Values on the scales suggested clinical improvement. There was a significant decrease in serial dilutions skin prick tests’ wheal diameters, as well as an increase in serum IgG4 values at treatment completion. IDIT was well tolerated.


If the present results are confirmed by further studies, allergen-specific immunotherapy wider use could be promoted.

Keywords: Allergic rhinitis; Blomia tropicalis; Dermatophagoides farinae; Dermatophagoides pteronyssinnus; Intradermal immunotherapy; House dust mites



La inmunoterapia subcutánea acuosa a altas dosis es una ruta validada y efectiva de administración de alérgenos para el ácaro del polvo doméstico y alergias al polen.


Estudio de definición conceptual empleando inmunoterapia intradérmica (ITID) con alérgenos de ácaros (Dermatophagoides pteronyssinus/Dermatophagoides farinae [Dp/Df] y Blomia tropicalis [Bt]) a bajas dosis; se llevó a cabo en niños con rinitis alérgica sintomáticos a la exposición de polvo de casa.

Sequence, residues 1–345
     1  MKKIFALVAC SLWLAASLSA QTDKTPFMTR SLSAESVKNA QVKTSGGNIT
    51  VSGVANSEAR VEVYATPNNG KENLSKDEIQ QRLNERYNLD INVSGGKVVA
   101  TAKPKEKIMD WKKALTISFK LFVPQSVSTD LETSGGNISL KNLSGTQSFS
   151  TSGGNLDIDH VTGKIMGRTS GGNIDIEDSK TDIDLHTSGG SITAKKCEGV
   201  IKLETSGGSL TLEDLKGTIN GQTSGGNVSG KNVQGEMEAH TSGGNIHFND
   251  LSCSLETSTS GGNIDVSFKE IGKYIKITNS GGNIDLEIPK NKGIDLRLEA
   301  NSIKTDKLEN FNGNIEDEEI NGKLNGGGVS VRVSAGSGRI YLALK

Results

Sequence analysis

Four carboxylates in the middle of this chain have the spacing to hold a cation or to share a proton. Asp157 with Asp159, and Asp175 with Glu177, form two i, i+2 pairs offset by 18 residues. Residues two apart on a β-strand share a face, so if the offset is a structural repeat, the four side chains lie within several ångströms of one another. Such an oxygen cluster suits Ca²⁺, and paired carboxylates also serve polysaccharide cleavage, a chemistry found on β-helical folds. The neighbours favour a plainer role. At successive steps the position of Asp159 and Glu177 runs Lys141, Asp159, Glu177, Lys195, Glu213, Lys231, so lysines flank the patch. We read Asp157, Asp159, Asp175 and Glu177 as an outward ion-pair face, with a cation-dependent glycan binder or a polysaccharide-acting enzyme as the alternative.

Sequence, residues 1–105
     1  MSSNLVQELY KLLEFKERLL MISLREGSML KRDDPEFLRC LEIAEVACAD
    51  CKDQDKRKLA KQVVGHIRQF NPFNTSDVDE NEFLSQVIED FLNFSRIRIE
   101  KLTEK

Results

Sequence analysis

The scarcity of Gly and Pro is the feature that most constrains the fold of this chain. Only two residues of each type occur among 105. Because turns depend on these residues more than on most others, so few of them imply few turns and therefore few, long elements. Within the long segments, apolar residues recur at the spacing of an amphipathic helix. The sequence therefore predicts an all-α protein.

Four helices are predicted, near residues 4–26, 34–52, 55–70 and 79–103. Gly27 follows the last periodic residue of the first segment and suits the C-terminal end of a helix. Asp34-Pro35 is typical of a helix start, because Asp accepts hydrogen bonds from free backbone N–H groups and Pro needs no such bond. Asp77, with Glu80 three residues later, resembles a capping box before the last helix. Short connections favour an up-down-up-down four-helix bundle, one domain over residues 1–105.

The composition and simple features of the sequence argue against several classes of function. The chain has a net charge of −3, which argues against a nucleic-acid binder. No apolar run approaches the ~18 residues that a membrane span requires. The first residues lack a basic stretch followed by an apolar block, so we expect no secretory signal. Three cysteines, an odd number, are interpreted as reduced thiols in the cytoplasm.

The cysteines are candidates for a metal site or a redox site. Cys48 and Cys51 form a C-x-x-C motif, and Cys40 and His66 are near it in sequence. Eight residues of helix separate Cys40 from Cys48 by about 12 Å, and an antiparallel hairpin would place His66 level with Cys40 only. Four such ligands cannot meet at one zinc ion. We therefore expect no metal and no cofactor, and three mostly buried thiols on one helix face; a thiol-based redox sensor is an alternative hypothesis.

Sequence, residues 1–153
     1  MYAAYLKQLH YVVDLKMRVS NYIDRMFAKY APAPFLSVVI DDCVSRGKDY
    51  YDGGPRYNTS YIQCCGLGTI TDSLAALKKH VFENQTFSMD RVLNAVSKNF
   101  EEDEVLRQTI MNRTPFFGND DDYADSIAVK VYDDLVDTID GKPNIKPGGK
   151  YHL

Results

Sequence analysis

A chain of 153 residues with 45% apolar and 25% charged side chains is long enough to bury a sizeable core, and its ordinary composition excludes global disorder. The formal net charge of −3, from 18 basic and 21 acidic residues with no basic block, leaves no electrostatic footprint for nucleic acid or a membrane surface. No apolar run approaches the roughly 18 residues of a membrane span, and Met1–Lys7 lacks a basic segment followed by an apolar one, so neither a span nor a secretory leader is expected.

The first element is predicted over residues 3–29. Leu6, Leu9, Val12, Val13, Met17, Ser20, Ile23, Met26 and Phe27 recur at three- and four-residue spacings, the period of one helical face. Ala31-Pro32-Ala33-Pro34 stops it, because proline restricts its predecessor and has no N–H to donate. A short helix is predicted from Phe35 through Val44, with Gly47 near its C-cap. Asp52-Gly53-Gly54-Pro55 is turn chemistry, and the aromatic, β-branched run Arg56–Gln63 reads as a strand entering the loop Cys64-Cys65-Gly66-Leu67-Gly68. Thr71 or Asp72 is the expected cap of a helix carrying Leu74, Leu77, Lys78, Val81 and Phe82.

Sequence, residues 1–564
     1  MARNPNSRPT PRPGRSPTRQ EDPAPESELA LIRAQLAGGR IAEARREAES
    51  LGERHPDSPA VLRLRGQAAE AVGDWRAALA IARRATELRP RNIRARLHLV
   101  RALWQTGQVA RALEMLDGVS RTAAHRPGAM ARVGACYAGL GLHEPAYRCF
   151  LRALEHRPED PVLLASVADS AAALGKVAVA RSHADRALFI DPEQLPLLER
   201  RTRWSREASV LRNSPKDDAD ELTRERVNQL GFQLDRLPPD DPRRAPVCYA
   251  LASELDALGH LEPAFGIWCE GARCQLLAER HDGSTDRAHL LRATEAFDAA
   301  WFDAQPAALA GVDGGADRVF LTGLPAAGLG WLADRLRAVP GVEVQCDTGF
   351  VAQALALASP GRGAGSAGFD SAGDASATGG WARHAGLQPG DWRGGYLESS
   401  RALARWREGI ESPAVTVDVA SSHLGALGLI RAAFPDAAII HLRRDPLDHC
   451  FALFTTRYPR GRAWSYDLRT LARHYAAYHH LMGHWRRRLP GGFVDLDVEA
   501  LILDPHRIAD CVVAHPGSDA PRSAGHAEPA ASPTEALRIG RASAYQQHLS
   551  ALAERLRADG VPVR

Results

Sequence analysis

A ocho pacientes sin uso previo de inmunoterapia, con pruebas de punción cutánea positivas e IgE sérica específica a una mezcla de Dp/Df y Bt, se les administraron por tres meses 0.05 mL de ITID semanalmente, provenientes de una preparación fenolizada albúmino-salina y contentiva de bajas dosis de ácaros (8.3 AU= 5 ng de Dp/Df y 2.5 DBU de Bt). Los síntomas nasales (Total Nasal Symptom Score) y los faciales (Escala Análoga Visual) fueron registrados dos semanas antes del tratamiento y en el transcurso una vez a la semana. Al comienzo y al final se realizaron pruebas cutáneas diluidas y seriadas (1/100-1/1.000.000) y determinaciones de IgG4 en el suero para los alérgenos.


Los valores de las escalas sugirieron mejoría clínica. Existió disminución significativa de los diámetros de las pápulas de las pruebas diluidas y seriadas, así como aumento de los valores de la IgG4 sérica al final del tratamiento. La ITID fue bien tolerada.